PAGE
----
- RBNZ expected to cut rates Thursday despite housing boom
- Inflation targeting ``no longer fit for purpose,'' says NZIER
Inflation targeting may have become a straitjacket for the central bank that pioneered it.
Under pressure to boost inflation to 2 percent, the Reserve Bank of New Zealand is forecast to cut interest rates Thursday, returning them to a record low. That’s in spite of its concern that lower borrowing costs could throw fuel on an already red-hot housing market.
Governor Graeme Wheeler is unwinding last year’s four rate increases after an anticipated pick-up in inflation failed to materialize and a dairy-price slump damped economic growth. With global price pressures weak despite record monetary stimulus, and Auckland’s property boom showing signs of spreading, some economists are questioning whether a rigid adherence to inflation targeting is the right response.
“We tend to pigeonhole ourselves: there’s an inflation target and we’ve got to meet it,” said Stephen Toplis, head of research at Bank of New Zealand in Wellington, who thinks the RBNZ will cut rates but shouldn’t. “Surely what’s happening around the rest of the economy matters as well. Isn’t it a bit dangerous to be adding stimulus in this environment?”
Wheeler will lower the official cash rate by 25 basis points to 2.5 percent, according to 15 of 18 economists in a Bloomberg survey. Market pricing for a cut has also firmed in recent days, rising to a 70 percent chance Wednesday from 50 percent last week. The decision is due at 9 a.m. tomorrow in Wellington and Wheeler will hold a press conference afterwards.
New Zealand’s central bank adopted an explicit inflation target in 1990, winning plaudits for pioneering a model that’s widely used around the world today. It aims to keep inflation within a 1-3 percent target band on average over the medium term, with a focus on the 2 percent midpoint. Inflation is currently running at 0.4 percent.
While Wheeler held rates steady in October to “watch and wait,” he said another cut would likely be needed to ensure inflation “settles near the middle of the target range.”
There have been some signs of improvement in the economy since Wheeler’s previous decision, with business confidence turning positive and consumer sentiment rising.
Help From Fed?
And a rate increase from the Federal Reserve on Dec. 16 could help Wheeler by driving down New Zealand’s currency and boosting import prices. Yet rising expectations for the first Fed hike in nine years have failed to exert much downward pressure on the kiwi, which has climbed more than 3.5 percent this quarter.
“The RBNZ can no longer afford to wait and watch,” said Kim Mundy, an economist at ASB Bank in Auckland. “If it is to ensure inflation gets back to its target in the medium term, the RBNZ must take action and cut the OCR further.”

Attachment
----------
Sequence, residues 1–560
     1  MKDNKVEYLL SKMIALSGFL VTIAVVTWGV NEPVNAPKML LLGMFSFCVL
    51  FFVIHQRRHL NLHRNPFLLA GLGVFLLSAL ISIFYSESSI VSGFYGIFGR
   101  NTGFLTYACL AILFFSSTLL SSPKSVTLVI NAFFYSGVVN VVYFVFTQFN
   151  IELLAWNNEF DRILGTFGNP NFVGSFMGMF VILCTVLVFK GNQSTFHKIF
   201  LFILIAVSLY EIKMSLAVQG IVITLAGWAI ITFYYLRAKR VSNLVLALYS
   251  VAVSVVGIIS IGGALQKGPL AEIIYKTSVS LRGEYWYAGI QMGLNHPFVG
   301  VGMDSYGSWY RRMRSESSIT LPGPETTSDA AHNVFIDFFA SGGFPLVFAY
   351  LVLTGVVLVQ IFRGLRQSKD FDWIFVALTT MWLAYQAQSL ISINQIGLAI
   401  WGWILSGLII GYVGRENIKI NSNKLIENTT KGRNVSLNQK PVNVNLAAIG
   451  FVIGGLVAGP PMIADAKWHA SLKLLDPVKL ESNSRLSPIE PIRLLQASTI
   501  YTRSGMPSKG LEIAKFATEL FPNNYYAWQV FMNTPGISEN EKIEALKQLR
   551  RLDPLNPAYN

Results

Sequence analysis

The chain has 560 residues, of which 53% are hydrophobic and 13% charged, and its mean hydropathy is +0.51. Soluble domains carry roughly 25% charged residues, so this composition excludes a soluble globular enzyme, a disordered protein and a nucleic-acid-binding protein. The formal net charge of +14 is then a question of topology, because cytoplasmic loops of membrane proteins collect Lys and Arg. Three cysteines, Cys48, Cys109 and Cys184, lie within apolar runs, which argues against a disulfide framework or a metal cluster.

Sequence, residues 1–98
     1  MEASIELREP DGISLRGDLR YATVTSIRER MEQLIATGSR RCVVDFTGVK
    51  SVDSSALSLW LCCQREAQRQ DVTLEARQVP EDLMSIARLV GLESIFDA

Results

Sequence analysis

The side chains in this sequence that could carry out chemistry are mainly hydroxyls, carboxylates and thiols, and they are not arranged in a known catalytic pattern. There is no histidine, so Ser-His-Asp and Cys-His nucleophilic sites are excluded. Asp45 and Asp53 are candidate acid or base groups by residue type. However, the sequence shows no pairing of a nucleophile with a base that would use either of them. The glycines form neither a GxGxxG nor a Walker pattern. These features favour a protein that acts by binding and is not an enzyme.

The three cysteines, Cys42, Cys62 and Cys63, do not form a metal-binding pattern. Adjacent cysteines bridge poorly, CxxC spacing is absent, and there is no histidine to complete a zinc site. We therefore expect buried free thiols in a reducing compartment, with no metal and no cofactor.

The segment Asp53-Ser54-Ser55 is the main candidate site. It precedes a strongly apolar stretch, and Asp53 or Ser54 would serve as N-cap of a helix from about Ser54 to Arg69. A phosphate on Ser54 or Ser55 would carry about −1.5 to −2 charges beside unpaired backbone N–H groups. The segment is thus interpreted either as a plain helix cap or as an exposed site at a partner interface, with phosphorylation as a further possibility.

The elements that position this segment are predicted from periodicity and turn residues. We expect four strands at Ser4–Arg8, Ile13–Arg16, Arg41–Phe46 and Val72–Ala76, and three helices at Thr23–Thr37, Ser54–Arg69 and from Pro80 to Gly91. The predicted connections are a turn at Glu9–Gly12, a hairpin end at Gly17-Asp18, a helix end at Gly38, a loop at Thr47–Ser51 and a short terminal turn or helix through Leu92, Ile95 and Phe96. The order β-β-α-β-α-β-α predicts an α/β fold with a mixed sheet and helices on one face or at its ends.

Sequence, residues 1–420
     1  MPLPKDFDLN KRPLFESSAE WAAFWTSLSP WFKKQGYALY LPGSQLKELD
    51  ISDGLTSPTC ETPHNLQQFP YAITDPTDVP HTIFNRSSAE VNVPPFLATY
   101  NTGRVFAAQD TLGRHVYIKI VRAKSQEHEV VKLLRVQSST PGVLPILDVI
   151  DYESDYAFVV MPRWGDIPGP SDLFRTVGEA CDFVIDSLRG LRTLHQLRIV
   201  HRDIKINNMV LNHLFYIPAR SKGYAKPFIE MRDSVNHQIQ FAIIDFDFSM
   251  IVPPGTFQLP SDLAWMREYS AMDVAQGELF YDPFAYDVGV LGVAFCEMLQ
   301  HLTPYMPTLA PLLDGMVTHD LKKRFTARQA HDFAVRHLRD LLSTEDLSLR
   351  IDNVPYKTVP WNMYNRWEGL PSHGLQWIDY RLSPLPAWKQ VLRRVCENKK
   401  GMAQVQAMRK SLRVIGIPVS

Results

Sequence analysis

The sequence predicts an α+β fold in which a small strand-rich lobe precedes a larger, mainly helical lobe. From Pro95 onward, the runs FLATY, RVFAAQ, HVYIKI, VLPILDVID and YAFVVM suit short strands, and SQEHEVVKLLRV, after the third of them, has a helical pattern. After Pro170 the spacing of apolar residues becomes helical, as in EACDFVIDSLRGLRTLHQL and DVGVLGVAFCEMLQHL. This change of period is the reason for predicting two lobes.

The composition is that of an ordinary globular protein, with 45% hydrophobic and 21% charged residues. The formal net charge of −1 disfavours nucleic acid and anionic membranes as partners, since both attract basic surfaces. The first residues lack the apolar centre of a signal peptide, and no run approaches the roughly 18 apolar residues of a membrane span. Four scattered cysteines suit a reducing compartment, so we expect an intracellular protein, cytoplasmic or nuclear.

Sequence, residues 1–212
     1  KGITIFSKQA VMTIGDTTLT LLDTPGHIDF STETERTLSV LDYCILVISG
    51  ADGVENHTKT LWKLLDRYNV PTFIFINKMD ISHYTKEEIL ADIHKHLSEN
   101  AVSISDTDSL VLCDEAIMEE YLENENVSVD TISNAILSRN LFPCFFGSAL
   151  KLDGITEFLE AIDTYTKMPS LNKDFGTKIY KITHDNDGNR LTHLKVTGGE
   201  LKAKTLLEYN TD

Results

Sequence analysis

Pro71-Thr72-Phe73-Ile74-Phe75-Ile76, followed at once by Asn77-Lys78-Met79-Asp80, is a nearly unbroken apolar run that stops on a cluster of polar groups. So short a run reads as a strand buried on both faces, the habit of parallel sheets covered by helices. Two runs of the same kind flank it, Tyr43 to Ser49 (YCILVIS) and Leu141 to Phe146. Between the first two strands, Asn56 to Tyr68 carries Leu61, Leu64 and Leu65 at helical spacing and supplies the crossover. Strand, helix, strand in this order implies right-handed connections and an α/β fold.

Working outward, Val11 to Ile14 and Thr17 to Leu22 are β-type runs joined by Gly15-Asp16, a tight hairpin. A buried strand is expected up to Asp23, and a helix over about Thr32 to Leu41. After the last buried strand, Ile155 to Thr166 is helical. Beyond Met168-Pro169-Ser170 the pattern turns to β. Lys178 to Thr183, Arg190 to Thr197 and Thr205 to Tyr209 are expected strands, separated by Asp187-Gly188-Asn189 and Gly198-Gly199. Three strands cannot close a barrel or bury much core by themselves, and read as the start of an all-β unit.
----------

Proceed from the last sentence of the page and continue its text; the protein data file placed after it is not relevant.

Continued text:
In its last set of forecasts in September, the RBNZ predicted inflation would return to 2 percent in the third quarter of 2016. The New Zealand dollar’s strength may see it lower its price forecasts Thursday and push attainment of the elusive 2 percent goal into 2017 -- six years after it was last reached.
At the same time, property prices in Auckland, New Zealand’s largest city, are surging amid record immigration and a housing shortage, and there are signs the boom is spreading. Nationally, house prices jumped 15 percent in November from a year earlier, the fastest pace in almost 10 years.
‘In a Bind’
“The Reserve Bank is in a bind -- leave rates on hold and miss the inflation target, or lower them but risk an asset-price spiral,” said Kirdan Lees, principal economist at the New Zealand Institute of Economic Research, which proposes the central bank target growth in the overall size of the economy rather than inflation. “Increasingly, inflation targeting is no longer fit for purpose,” Lees said.
Central banks around the world are grappling with an absence of price pressures as new technologies and Internet commerce increase efficiency, intensify competition and reduce costs. Despite record central bank stimulus, inflation rates remain low.
New Zealand Finance Minister Bill English said inflation targeting was conceived when there was a need to damp price gains, not stoke them.
‘A Bit Disoriented’
“We are all a bit disoriented by this recent phenomenon of central banks trying to reach the target coming from below,” English told a parliamentary committee in Wellington today. While it was good to be open minded to new propositions, “we haven’t yet seen a convincing case that any of those things in New Zealand’s situation would be growth enhancing,” he said.
Toplis argues the RBNZ can apply inflation targeting with more flexibility, allowing it to defer attainment of the 2 percent midpoint if there are more pressing concerns such as a housing bubble.
“Interest rates have been pushed lower all around the world and it hasn’t created consumer-price inflation, but it’s sure as hell created asset-price inflation,” he said. “It looks like we’re going to get run over by a truck rather than a bicycle, so let’s worry about the truck first.”